Orangutan Haven Residents: Leuser
Confiscated in February 2004 and released in Jambi in October of the same year, Leuser survived happily in the wild in Jambi for two years. Unfortunately, in late 2006 he wandered near a village at the forest edge and was shot 62 times with an air rifle, including pellets in both eyes, rendering him totally blind. He was returned to the quarantine centre near Medan in November 2006 for medical care. Only 14 of the 62 pellets could be safely removed from his body. Leuser appears to have made a full recovery from his injuries although we can’t be certain what the long-term effects will be. He was introduced to another blind orangutan, the female Gober, during 2010 for companionship. Gober got pregnant and produced healthy twins in February 2011. Since the pregnancy the father, Leuser, has been housed separately. We plan to reintroduce the family, very carefully, in 2012. Leuser is estimated to be around fourteen years old and is maturing into a large male. He currently weighs approx. 65 kg and should eventually reach around 100 kg. Apart from blindness, he appears totally fit and well, has a good appetite, and behaves exactly like a normal orangutan of his size.
Update from Leuser's Keepers - July 2013
Leusur is developing to become a very handsome male orangutan. As he develops, so does his strength! Keepers have gone out of their way to really make sure he is mentally stimulated whilst in his cage. Every night the keepers give Leuser a lot of leaf material, so he can build a comfortable nest. Leuser loves building nests and is very good at it!
Leuser is still lonely. He looks towards the keeper s for attention. He loves his head being scratched and his fur being groomed by the staff. He makes small pleasure grumbles and will often move to indicate what area he wants groomed.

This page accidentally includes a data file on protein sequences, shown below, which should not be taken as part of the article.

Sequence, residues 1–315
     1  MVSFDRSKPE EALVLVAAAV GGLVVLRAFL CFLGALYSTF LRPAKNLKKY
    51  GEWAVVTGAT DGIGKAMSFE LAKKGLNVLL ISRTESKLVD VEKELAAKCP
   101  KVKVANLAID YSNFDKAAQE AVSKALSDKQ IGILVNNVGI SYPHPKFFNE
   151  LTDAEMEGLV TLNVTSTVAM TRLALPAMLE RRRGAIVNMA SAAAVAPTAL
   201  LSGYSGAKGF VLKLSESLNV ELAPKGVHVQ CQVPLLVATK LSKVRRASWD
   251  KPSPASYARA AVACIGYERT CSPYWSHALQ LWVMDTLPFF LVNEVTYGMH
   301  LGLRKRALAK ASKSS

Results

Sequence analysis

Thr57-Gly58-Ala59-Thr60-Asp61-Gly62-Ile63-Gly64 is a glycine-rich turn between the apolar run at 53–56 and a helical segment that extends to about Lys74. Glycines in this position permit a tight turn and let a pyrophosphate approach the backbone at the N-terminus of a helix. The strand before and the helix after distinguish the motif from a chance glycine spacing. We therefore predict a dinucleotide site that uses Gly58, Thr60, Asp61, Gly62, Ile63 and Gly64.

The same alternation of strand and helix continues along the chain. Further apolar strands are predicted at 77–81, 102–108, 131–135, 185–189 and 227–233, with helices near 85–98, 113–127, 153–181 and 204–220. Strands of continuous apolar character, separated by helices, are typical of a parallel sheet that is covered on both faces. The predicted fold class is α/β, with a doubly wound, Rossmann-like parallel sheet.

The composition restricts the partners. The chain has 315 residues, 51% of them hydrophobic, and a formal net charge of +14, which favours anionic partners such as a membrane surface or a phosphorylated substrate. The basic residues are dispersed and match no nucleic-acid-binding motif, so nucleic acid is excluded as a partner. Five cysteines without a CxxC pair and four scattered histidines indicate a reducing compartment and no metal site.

When it comes to food time, he is very inpatient. He will often 'kiss squeak' and inform the keepers to hurry up and feed him! The keepers always priorities Leuser for food first, otherwise he will get upset waiting to long! Leuser has no favorite food, but will be fed 6 x per day. Usually orangutans will feed frequently and sleep. At SOCP the team aims to do this with all the orangutans.
Leuser finds it hard to see so when the keepers feed him, special care is taken to ensure he takes all the food and does not leave any behind.
Leuser will be undergoing some new training plans in the next few months to get him moving and stimulated. He will need to be able to problem solve and aim to move around a lot more independently when he goes onto his new island home. This will take a very strong bond between the keepers and Leuser so he can build trust and confidence.
As a part of an April campaign to raise much needed funds for Quarantine and improve husbandry conditions we set about developing an internal staff competition.
The goal was to upgrade the current Quarantine Centre and implement a team program.
1. Improve the orangutan welfare and husbandry
2. Improve the Quarantine practices
3. Clean up and organize the centre so staff can work more efficiently
4. Increase staff motivation – Reward those that are doing a good job.
5. Implement staff quarantine protocols for each area they work in
6. Staff to implement a management system in the areas they are delegated to work
7. Increase the communications with the Quarantine Centre – between technicians, veterinarians and managers
The competition was judged by Ian Singleton and Jessica McKelson. A number of good improvements were made to the Permanent Cage facilities where Leuser resides.
• A new enrichment device to help teach him to problem solve for food. This treat log encourages Leuser to use a stick and other tools to acquire honey or treats.
• New blue barrels and hammocks installed in Leuser cage.
• New paint and full scrub over his home!
• Additional, the entire Permanent cage facility had new paint, new tools and some new overall maintenance to tidy the space up!
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